Articles Posted in Car Salesman Pay Plan Lawsuits

You would think that this was an easy question. But when the answer is in the context of calculating salesman commissions you might be amazed at how the dealer calculates the answer. The answer should be simple: what is the cost at which the dealer acquires the car? The dealership has already been reimbursed for overhead and expenses by charging a “pack” on each deal to each salesman. BUT the dealer adds money to the acquisition price of the used cars, sometimes known as “ups” or “ads.” What is either the need or the justification for this? Usually the pay plans are based on profit for the sale of each car, as agreed by the salesman and the dealer. These ups are usually not disclosed to any of the salespeople since it is “none of their business.”

If you work in either sales or finance at a car dealership you should start asking some questions about the COST of the used cars that you are selling and how the dealer gets these numbers.

The Law Office of Jonathan Rudnick litigates these cases against car dealerships, located at 262 HWY 35 Red Bank NJ 07701, 732-842-2070

Guess what? In the car business dealer stake as many liberties with their employees as they do with the customers. There are two basic profit centers: the front end and the back end. The salesmen get paid on the front end only. This is the “cost” of the car, as compared to the selling price. Some people think the cost is the invoice of the car, better known as tissue. The higher level employees get paid on the overall profit of the dealership, which includes all the items considered after market, warranties, etc.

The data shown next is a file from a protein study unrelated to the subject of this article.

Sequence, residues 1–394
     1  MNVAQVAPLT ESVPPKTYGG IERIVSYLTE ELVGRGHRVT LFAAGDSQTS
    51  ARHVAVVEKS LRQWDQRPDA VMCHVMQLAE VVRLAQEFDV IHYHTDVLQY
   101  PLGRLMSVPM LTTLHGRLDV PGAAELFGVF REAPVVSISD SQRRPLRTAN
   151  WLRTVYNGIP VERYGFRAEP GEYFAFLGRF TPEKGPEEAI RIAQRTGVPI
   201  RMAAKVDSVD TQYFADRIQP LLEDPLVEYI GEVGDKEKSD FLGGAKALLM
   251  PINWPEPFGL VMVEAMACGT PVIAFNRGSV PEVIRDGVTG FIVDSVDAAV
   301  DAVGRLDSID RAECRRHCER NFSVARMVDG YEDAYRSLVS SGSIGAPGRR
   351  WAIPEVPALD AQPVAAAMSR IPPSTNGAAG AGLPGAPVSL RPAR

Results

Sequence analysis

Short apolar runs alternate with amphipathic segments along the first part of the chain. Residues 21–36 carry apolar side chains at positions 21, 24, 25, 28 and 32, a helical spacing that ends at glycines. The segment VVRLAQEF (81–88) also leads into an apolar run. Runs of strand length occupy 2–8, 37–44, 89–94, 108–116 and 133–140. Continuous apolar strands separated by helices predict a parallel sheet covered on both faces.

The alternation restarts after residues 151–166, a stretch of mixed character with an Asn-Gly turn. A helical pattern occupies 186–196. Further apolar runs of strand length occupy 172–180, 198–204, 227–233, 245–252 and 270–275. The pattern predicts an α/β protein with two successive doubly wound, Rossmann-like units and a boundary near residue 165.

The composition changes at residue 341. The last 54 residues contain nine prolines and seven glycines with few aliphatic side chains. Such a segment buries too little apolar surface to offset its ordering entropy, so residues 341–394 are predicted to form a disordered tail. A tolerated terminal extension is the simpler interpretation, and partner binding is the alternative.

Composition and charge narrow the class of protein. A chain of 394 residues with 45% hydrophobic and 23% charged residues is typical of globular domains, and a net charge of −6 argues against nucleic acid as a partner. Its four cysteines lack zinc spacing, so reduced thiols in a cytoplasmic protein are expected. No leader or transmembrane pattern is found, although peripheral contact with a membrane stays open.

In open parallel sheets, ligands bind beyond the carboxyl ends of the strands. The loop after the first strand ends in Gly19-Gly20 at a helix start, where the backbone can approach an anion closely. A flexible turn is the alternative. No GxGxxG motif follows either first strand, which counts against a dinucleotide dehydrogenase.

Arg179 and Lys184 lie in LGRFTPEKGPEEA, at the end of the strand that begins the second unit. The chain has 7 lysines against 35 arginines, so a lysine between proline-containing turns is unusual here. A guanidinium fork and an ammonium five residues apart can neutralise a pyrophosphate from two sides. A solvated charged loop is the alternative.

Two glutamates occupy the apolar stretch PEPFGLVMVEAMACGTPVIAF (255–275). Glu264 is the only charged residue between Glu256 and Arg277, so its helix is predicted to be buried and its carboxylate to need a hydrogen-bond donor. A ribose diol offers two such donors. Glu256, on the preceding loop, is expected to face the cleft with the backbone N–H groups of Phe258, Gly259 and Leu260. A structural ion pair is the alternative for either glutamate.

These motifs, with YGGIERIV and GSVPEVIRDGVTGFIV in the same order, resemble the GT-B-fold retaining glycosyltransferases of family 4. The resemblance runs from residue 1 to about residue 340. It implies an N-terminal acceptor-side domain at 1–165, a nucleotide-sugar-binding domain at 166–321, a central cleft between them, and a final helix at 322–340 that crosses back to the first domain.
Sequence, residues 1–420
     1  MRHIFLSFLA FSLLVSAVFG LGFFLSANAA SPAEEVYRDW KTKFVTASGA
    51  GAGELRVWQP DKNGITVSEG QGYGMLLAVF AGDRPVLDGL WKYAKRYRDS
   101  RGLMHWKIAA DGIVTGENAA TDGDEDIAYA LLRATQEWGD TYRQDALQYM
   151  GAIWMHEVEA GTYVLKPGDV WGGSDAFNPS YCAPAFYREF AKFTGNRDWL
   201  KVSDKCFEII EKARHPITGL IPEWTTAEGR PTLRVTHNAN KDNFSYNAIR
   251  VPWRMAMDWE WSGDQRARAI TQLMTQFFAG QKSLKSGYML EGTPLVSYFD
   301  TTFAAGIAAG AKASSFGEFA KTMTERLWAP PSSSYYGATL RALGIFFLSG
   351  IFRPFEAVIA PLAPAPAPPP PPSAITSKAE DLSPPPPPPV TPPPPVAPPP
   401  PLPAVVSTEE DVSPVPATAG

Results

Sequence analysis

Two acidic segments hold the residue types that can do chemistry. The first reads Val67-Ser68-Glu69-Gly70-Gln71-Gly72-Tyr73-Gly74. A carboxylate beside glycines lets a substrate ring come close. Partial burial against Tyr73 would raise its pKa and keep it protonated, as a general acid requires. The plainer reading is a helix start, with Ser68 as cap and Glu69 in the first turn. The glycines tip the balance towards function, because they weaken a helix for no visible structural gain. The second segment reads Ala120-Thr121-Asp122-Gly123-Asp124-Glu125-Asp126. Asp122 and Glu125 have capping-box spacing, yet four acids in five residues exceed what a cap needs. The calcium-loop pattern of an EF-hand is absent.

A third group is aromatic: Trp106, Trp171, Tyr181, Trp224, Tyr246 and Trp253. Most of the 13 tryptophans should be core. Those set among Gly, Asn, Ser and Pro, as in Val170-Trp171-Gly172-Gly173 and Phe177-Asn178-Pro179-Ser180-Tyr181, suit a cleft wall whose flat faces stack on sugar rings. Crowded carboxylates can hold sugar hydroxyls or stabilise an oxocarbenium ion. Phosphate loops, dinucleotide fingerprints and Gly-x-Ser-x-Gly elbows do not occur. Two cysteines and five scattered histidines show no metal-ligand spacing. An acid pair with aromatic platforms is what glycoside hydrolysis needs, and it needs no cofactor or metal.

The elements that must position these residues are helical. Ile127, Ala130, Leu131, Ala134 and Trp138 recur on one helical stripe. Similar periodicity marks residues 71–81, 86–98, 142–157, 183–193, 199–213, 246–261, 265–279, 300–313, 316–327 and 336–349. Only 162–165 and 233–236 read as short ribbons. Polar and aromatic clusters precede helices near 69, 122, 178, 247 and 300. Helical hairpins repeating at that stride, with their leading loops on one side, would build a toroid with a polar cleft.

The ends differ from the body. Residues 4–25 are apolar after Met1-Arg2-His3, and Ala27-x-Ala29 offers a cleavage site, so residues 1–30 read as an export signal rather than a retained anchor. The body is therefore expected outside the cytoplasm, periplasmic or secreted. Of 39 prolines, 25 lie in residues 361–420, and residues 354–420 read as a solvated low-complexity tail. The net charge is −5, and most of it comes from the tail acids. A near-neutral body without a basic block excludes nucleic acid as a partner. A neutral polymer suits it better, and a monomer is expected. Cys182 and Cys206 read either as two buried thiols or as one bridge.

The problem occurs when calculating the cost for calculation of the gross commisionable proceeds for the employees.The dealers add costs to the acquisition price of the car. Some dealers call them “ups.” The dealers increase the cost by the amount of the ups to reduce the commissions.

Usually the pay plans are based on the costs of the products. The dealers take liberties with increasing the cost of the vehicles without disclosing this to the staff, because they exclusively control access to this information.

Many car salesmen are also victim of dealership fraud. They have a pay plan that is in writing. Despite the simplicity of the pay plan (commissions as a percentage of profit), the dealership inflates the cost of vehicles to reduce their pay. They will add on various questionable costs to the “cost” of the car. Much of this is hidden from the salesman: pack, used car kitty, lot fees, bruise fees, dent fees.

Dealerships will also claim that a product such as GAP or ETCH cost a certain amount, which is false.

Car salesmen are left with few options because they risk being blackballed out of the industry. Turnover is very high at most dealerships, and this is part of the reason.
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